Friday, July 28, 2006

Rejecting the Rapture: Reasons for a More Mainstream Eschatology or More Conservative Bashing? (Revised)

Thanks to another Baptist blogger, I was tipped off to the recent publication of Left Behind? The Facts Behind the Fiction, published by American Baptist Judson Press and penned by American Baptist Seminary of the West Old Testament scholar, LeAnn Snow Flesher (2006).

In little more than 150 pages, Flesher succeeds in reviewing the storyline behind the publishing phenomenon by authors Tim LaHaye and Jerry Jenkins, describes premillennial dispensationalism clearly, cuts to the subtext of a “war” against secular humanism she sees animating the series, ventures into the realm of hermeneutics, applies her principles to an analysis of Left-Behind’s approach to Daniel and Revelation (along with her own corrective interpretations), and extrapolates implications for the church.

In Flesher’s view most “real” scholars do not read the books, nor do pastors take the time to explore either the novels or the dispensational ideas behind them. But, with more than 60 million copies in circulation she concludes that “prophecy belief is far more central in American thought than previously recognized” and the “explosion of interest in the series can be directly connected to the catastrophic events of 9/11” (pg. 7). Furthermore, she argues that seminary professors and pastors “can no longer afford to ignore the phenomenon the premillennial dispensational prophecy teachers are sustaining" (pg. 13).

Clearly Flesher has been shocked and appalled by the popularity of the books. After all, they “perpetuate a massive misunderstanding of the nature of Scripture,” “create and support a separatist worldview,” and the admixture of good theology (seminary taught pastors) and bad theology (dispensational notions drawn from the “self-designated prophecy teachers” held by lay people)may “thwart . . . healthy forward movement in local congregations” (pg. 13).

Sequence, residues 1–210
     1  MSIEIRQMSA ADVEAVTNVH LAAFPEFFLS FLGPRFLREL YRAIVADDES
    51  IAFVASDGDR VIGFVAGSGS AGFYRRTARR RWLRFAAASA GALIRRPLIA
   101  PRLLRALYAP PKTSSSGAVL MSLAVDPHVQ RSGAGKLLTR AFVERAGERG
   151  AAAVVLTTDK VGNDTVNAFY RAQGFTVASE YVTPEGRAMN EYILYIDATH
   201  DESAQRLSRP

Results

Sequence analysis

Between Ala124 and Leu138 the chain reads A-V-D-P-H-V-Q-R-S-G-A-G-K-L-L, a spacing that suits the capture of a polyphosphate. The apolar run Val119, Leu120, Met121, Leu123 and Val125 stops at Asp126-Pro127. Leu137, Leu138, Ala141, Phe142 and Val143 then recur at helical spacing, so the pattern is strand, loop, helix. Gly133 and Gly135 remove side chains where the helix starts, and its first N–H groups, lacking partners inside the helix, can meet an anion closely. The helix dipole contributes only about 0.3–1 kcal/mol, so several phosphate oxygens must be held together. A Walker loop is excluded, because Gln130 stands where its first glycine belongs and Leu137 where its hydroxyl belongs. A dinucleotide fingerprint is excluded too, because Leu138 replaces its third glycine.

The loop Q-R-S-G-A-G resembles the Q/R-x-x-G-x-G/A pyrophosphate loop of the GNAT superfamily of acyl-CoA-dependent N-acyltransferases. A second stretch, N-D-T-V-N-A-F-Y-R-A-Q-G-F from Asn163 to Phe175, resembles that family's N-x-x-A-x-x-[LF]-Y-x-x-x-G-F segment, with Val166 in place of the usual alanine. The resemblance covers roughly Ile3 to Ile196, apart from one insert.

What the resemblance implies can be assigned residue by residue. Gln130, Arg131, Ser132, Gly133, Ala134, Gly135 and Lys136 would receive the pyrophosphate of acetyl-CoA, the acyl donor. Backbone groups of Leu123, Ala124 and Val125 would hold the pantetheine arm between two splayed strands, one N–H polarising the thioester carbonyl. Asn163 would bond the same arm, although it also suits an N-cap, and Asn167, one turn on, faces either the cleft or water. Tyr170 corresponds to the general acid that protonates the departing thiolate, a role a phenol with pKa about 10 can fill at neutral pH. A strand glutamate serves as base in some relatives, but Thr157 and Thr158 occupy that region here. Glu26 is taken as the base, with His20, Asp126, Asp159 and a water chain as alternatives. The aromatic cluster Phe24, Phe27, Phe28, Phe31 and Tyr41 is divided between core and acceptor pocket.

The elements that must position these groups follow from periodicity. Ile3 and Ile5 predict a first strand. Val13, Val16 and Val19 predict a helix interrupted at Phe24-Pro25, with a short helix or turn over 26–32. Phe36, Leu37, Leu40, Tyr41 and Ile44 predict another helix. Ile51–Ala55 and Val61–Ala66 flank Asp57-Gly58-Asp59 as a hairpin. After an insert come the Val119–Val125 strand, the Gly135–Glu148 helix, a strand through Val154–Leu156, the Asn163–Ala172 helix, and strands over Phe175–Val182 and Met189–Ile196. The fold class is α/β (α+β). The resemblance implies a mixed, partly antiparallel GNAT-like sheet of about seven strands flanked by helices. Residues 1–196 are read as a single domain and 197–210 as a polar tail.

Flesher should be lauded for her clarity, succinct and precise exposition, and relative restraint. Yes, she trots out the stories of early dispensationalism’s pioneers, replete with their lack of formal theological training, jail time for forgery (prior to Scofield’s conversion he was implicated in accusations of stolen political contributions while serving as an U.S. attorney in President Grant’s administration), and that their view represents a “minority of a minority” position. Still, her chapter reads like a dictionary article on the subject. She rightly locates the central issues in dispensationalism as a literal hermeneutic and a distinction between Israel and the Church.

Clearly Dr. Flesher does not appreciate the Left Behind series very much. In her mind, the books are based upon bad hermeneutics and lead to worse ecclesiastical, theological, and social consequences. Her chapter on hermeneutics opines that interpretation is as much art as science (pg. 58). And, her clear and helpful delineation of basic principles of context and sensitive handling of language would hardly be objected to by anyone.

For this scholar, Daniel (given a dating between 167 and 164 BCE) and Revelation were never intended to be interpreted futuristically. Practically anything but an idealist or preterist handling of Revelation receives swift dismissal. Obviously the point of Revelation has to do with a “call to nonviolent resistance” by Christian disciples she suggests (pg. 99).

More controversial will be the lumping together of a philosophical war against “secular humanism” with opposition to the “social gospel” (pg. 37). Throughout her discussion, she critiques Left Behind theology as a “gross oversimplification” and misreading of the Bible and church history. A claim to “literal” interpretative principles can only be called “unrealistic” or even “deceptive” (pg. 58).

Add to this her complaint that some of LaHaye and Jenkins’ assertions are “absurd” (pg. 43), they come from “ultraconservative . . . fundamentalists” (pg. 44), are filled with anti-Catholic propaganda (pgs. 45-55), reinforce stereotypes that prostitutes and drug addicts are “salvageable but lesbians are not” (pg. 54), engage in howlers of ethnocentrism, particularly against Asians (pgs. 54-56), and that a martyr’s death in the series seems reminiscent of Palestinian suicide missions” (pg. 53).

At root, Dr. Flesher says LaHaye and Jenkins pit the apostate mainline denominations and their apostate ministers “who had been indoctrinated in apostate seminaries” against God’s gift of “twentieth century people like D.L. Moody (sic) and the establishment of Bible institutes, Christian colleges, and training centers” (pg. 104). Her fear is that in the lexicon of premillennialists (at least those of a dispensational stripe), “churches that retain an ethic of social justice – that is, believe the Bible teaches Christians to strive for justice and equity for all people—are apostate because they do not hold to the ‘moral absolutes’ promoted by those who share the view of LaHaye and Jenkins” (pg. 104).